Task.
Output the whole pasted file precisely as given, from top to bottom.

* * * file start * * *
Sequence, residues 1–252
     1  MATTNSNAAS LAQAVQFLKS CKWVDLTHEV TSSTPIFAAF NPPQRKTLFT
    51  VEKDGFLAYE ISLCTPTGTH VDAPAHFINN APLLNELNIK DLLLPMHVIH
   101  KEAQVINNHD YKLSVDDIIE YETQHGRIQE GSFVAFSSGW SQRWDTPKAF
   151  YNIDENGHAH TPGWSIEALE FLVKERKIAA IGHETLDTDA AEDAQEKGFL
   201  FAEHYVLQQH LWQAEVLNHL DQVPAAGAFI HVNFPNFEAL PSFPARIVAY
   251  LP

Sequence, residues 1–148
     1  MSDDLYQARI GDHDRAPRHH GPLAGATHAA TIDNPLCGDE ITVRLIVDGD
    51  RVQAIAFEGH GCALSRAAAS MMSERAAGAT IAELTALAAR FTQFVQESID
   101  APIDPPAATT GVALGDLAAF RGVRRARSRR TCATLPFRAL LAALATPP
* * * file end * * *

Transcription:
Sequence, residues 1–252
     1  MATTNSNAAS LAQAVQFLKS CKWVDLTHEV TSSTPIFAAF NPPQRKTLFT
    51  VEKDGFLAYE ISLCTPTGTH VDAPAHFINN APLLNELNIK DLLLPMHVIH
   101  KEAQVINNHD YKLSVDDIIE YETQHGRIQE GSFVAFSSGW SQRWDTPKAF
   151  YNIDENGHAH TPGWSIEALE FLVKERKIAA IGHETLDTDA AEDAQEKGFL
   201  FAEHYVLQQH LWQAEVLNHL DQVPAAGAFI HVNFPNFEAL PSFPARIVAY
   251  LP

Sequence, residues 1–148
     1  MSDDLYQARI GDHDRAPRHH GPLAGATHAA TIDNPLCGDE ITVRLIVDGD
    51  RVQAIAFEGH GCALSRAAAS MMSERAAGAT IAELTALAAR FTQFVQESID
   101  APIDPPAATT GVALGDLAAF RGVRRARSRR TCATLPFRAL LAALATPP